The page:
It's the 200th anniversary of the tale of the patch-work man. You know it better as Frankenstein. Author Mary Shelley sat down in 1818 to create a story about a patch-work man and ultimately penned the story about trying to answer fundamental questions about life itself. Now, I'll warn you, the book is remarkably different than the popularized black and white film — full of sparking electrodes and a square, brutish monster. Shelley's actual work is much more contemplative and, at least in my experience, difficult to read all the way through. Although, I believe I read the 1831 edition, which I'm told differs slightly from the original print.
That said, it's actually a very sad story about Dr. Frankenstein, the horror he immediately feels in creating a being with uncanny size and strength, whose shadow the doctor seems doomed to live in for the rest of his days. You see, the monster becomes intelligent as it matures, for lack of a better word, and becomes bitter in the realization it was rejected by its own creator. It seeks out Frankenstein, makes demands of him and turns to threats when Frankenstein refuses and continues to run from his creation. Ultimately, the story concludes with Frankenstein dead and the monster traversing across the ice of the Arctic Ocean, unsure if death will take him or if Frankenstein's work has robbed him of that as well.
Perhaps I should have put a "Spoiler Alert" before that paragraph, but it's been out for 200 years. You had your chance.
And so did we.
This year is not only the bicentennial of Shelley's book, it marks the beginning of the second year for the Trump administration. In fact, as of Saturday, he will have occupied the White House for exactly one year. This first chapter was punctuated by the real possibility of a partial government shutdown. As one might expect, the polarized partisan nature of Capitol Hill is being blamed for the gridlock, though the president did suggest in a tweet last May the country could use a shutdown that September. Regardless, it seems the parties are blamed for just about everything that gets held up in legislative limbo these days. It doesn't make legislators happy and it certainly doesn't make the public happy.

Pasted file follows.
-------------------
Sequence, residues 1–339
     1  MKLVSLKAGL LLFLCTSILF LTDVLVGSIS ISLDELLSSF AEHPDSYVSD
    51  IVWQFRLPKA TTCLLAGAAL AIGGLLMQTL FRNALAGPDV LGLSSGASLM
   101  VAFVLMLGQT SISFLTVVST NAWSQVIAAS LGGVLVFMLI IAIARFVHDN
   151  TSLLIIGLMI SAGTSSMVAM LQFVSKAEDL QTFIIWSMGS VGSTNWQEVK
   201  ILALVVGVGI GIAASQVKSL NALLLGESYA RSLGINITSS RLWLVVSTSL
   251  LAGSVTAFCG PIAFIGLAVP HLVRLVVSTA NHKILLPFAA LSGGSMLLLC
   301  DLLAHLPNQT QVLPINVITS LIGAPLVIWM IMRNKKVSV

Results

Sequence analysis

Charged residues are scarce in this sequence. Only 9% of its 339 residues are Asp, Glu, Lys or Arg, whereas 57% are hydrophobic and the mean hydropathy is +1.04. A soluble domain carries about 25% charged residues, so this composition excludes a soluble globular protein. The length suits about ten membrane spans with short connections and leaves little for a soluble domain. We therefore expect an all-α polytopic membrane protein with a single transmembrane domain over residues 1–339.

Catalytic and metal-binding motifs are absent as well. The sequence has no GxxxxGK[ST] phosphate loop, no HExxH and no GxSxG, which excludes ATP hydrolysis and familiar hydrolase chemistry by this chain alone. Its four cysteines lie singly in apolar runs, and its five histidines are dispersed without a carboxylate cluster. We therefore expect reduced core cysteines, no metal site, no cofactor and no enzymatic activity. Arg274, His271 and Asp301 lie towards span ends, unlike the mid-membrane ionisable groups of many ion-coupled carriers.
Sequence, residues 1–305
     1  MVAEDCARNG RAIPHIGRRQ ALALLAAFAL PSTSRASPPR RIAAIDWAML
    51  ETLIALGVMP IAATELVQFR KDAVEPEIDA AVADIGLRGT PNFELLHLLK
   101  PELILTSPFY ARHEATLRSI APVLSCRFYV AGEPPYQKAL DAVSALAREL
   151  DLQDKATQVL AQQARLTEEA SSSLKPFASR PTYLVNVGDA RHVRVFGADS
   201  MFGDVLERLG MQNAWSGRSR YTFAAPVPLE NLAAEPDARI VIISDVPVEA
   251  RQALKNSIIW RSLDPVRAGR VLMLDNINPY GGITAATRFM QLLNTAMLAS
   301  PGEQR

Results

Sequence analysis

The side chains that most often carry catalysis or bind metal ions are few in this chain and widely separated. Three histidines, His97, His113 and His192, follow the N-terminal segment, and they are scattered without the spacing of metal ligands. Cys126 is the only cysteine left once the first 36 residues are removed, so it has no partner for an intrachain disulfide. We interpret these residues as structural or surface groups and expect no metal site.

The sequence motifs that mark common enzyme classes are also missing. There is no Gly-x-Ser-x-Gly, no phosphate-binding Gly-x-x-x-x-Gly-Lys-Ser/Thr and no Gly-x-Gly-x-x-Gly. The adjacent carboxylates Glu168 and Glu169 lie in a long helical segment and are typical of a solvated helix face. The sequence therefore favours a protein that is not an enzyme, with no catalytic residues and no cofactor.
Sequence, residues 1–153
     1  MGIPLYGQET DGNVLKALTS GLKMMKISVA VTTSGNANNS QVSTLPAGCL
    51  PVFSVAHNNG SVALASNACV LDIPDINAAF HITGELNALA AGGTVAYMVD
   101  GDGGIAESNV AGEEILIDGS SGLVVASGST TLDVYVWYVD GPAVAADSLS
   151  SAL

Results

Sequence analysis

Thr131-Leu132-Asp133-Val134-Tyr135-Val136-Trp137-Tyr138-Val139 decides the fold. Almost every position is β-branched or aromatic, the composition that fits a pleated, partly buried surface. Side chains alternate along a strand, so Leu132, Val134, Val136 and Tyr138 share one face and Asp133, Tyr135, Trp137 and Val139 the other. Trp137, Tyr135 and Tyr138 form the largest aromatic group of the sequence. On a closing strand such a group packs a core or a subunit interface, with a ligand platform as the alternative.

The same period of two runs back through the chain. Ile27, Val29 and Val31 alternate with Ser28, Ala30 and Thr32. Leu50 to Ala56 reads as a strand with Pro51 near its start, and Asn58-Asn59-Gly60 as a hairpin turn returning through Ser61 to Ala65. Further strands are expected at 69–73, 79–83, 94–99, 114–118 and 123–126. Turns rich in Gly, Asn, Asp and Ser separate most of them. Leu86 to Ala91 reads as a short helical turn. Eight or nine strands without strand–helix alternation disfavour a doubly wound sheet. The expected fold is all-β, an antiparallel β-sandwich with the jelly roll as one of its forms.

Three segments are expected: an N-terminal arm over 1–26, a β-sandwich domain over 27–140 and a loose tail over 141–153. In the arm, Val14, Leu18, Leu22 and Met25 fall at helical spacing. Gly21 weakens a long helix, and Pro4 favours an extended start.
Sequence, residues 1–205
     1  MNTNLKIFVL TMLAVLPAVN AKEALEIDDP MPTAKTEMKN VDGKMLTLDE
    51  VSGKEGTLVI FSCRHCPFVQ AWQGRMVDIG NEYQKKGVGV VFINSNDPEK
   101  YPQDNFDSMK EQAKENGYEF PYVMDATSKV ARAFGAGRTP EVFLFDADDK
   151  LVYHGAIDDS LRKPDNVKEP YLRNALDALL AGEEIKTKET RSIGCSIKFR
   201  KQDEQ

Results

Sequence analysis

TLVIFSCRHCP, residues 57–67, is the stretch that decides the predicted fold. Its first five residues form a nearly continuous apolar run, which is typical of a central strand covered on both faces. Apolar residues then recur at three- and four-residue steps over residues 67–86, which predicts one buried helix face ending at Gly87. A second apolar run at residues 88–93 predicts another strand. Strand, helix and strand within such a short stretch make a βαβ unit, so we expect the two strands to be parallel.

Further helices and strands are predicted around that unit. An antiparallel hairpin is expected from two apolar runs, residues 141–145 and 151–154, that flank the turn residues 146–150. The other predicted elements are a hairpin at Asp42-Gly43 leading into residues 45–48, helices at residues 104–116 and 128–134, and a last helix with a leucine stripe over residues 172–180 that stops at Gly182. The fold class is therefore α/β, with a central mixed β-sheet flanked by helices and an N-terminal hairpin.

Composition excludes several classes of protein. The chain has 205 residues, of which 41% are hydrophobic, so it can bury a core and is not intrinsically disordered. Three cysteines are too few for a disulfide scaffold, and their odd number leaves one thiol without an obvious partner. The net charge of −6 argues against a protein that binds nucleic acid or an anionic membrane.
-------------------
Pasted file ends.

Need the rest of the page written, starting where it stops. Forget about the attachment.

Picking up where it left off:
We are rejecting our creation. We stitched together the patch-work government in late 2016. We melded the three branches with some blue here and some red there and a few grafts of yellow and green to fill the seams. Then we stood back in horror as we beheld our creation. Yet, like Frankenstein, there is nothing we can do at this point.
(Author's note: those words are also a product of the Hollywood adaptation)
Our creation is capable of both good and bad, just like an individual. But it's the size and nature of the beast we fear. We are at once thrilled by what it can do for us and terrified of what it can do to us. We may marvel at our creation's ability to taste, touch, wonder and even love but, at other times, we may just as easily be terrified of the strength with which it does such things — not knowing the fear it can create in us or the pain it can cause us in pursuing what it believes will please its creators. And that's what we are. With each election, we remove certain parts and sew on new ones. Yet, we as individuals will one day pass away and the creation will live on. Perhaps forever.
The glimmer of hope in all this is that our creation, like Frankenstein's, is capable of learning as it matures. The responsibility falls to us, the creators, to teach our creation the lessons it must learn and the values it must remember.